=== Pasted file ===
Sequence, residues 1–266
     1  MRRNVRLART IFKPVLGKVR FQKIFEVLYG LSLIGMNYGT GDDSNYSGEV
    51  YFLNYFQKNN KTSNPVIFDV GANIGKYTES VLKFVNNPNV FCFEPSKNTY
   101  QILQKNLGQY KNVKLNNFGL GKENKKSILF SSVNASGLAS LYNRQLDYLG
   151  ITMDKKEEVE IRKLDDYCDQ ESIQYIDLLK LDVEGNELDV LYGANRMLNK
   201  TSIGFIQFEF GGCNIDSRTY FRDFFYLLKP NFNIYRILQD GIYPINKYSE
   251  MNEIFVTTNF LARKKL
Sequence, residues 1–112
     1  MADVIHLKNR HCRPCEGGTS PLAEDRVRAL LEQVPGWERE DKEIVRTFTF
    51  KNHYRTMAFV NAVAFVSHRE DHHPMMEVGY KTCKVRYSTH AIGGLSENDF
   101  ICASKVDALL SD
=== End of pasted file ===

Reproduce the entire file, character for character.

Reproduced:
Sequence, residues 1–266
     1  MRRNVRLART IFKPVLGKVR FQKIFEVLYG LSLIGMNYGT GDDSNYSGEV
    51  YFLNYFQKNN KTSNPVIFDV GANIGKYTES VLKFVNNPNV FCFEPSKNTY
   101  QILQKNLGQY KNVKLNNFGL GKENKKSILF SSVNASGLAS LYNRQLDYLG
   151  ITMDKKEEVE IRKLDDYCDQ ESIQYIDLLK LDVEGNELDV LYGANRMLNK
   201  TSIGFIQFEF GGCNIDSRTY FRDFFYLLKP NFNIYRILQD GIYPINKYSE
   251  MNEIFVTTNF LARKKL
Sequence, residues 1–112
     1  MADVIHLKNR HCRPCEGGTS PLAEDRVRAL LEQVPGWERE DKEIVRTFTF
    51  KNHYRTMAFV NAVAFVSHRE DHHPMMEVGY KTCKVRYSTH AIGGLSENDF
   101  ICASKVDALL SD